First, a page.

What is the current draw of the servo when you are not pulsing it? If it is very low, then there is no point in removing its supply. You could even use 2 or 3 silicon rectifier diodes in series to drop the voltage from 7V to 5V, instead of the regulator (saving the regulator ground pin current).

For micropower regulators, I like the MCP1702 series, which has just 2uA quiescent current and is available in a TO92 package.
Formal verification of safety-critical software, software development, and electronic design and prototyping. See http://www.eschertech.com. Please do not ask for unpaid help via PM, use the forum.

iggykoopa

Thanks for the help. I'm actually running two servo's off the regulator, just trying to keep the schematic simple. It's for a pair of cat ears mounted on a headband. I'll check on the current draw when I get back from work.I'm trying to keep the circuit size small so that all the components can fit inside the ears, otherwise I would just use one mosfet per servo. Besides saving power I was wanting to cut power to the servo's because even when I don't write to them they tend to jitter a little, but that may be my code. I'll take a look at the mcp1702's.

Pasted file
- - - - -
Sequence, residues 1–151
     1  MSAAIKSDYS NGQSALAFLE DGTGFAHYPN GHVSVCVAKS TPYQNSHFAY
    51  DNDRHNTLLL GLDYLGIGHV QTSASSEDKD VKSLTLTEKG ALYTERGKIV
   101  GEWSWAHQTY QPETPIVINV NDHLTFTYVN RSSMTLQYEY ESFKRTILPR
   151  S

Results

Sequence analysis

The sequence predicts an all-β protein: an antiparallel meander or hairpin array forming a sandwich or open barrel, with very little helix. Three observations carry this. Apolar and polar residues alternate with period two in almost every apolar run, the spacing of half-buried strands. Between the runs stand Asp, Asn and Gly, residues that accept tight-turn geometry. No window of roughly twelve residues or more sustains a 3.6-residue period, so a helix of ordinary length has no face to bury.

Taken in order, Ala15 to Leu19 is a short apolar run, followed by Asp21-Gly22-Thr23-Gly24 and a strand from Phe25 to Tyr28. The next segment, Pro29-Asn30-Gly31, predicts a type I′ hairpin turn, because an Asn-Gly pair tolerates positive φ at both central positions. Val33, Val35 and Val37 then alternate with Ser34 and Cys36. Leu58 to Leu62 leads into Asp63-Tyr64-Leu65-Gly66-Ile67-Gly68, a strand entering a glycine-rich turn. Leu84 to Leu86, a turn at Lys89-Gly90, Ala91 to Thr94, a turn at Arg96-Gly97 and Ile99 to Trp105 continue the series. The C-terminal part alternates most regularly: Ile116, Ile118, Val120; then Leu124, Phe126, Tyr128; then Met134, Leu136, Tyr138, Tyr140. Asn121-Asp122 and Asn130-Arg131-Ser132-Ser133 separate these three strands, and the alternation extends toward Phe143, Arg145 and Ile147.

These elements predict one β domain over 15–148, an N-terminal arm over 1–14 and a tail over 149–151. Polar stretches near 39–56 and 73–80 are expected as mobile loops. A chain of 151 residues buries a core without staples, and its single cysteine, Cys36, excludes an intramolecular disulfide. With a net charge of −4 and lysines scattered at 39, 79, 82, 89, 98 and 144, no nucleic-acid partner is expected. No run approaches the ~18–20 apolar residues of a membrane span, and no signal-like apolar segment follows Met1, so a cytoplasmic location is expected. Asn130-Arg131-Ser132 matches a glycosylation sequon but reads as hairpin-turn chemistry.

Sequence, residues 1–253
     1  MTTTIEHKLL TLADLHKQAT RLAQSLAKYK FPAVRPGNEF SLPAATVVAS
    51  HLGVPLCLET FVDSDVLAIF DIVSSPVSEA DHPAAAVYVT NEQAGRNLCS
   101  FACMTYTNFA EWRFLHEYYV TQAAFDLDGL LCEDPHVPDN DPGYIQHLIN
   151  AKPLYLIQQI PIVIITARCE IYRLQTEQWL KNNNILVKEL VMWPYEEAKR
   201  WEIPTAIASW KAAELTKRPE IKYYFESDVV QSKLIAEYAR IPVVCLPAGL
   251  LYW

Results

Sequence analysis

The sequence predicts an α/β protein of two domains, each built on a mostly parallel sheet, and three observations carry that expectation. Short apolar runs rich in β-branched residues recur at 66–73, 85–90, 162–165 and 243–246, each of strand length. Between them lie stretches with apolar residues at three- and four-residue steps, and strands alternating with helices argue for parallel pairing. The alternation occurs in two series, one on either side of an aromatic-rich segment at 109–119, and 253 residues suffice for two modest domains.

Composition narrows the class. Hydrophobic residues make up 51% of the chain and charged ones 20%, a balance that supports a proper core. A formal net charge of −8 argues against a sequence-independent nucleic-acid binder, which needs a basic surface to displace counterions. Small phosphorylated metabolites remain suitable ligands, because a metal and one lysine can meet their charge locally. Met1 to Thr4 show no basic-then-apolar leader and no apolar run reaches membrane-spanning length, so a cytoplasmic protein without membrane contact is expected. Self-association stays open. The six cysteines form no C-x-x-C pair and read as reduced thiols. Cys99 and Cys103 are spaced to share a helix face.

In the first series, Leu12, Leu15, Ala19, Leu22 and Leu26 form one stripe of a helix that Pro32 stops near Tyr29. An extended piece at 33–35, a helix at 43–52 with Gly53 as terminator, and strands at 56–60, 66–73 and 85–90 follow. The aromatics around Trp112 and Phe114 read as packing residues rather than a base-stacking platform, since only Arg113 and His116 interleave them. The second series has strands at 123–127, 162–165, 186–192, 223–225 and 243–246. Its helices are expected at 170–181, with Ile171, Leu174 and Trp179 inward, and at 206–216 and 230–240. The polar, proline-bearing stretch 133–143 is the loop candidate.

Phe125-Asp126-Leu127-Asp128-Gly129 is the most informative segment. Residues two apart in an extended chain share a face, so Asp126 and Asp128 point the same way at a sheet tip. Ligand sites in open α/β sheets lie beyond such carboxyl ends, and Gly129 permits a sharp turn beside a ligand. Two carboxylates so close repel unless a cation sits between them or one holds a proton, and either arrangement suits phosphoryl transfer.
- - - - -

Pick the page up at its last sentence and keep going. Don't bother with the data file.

MarkT


The schematic looks OK to me. However, most regulators will leak some current between input and output when you disconnect the ground wire.

What is the current draw of the servo when you are not pulsing it? If it is very low, then there is no point in removing its supply. You could even use 2 or 3 silicon rectifier diodes in series to drop the voltage from 7V to 5V, instead of the regulator (saving the regulator ground pin current).

For micropower regulators, I like the MCP1702 series, which has just 2uA quiescent current and is available in a TO92 package.


No, you can't control a series-regulator by switching the sense pin like this - it doesn't work because you are not controlling the flow of current.  You are simply fooling the regulator about the output voltage and making it turn into a short between input and output rails.  The way a regulator works is by sensing the voltage between the output rail and the sense ("ground") pin and controlling a transistor that allows current to flow from input rail to output rail.

I suspect you need to use high-side switching on the input of the regulator for the servos, which will be awkward at 7V, or low-side switching _before_ the regulator for the servos.  In the latter case you'll need to add protection resistors (10k?) in series with the servo control pins to prevent damage to the Arduino input protection diodes).

Another approach is to find a series regulator with an enable-input.
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iggykoopa

So something like this http://www.digikey.com/product-detail/en/LP38692MP-5.0/LP38692MP-5.0CT-ND/723513 would probably work better? Thanks again for the help, I didn't even think to look for regulators with an enable pin. Should I use a current limiting resistor on the enable pin if I end up going with one of those?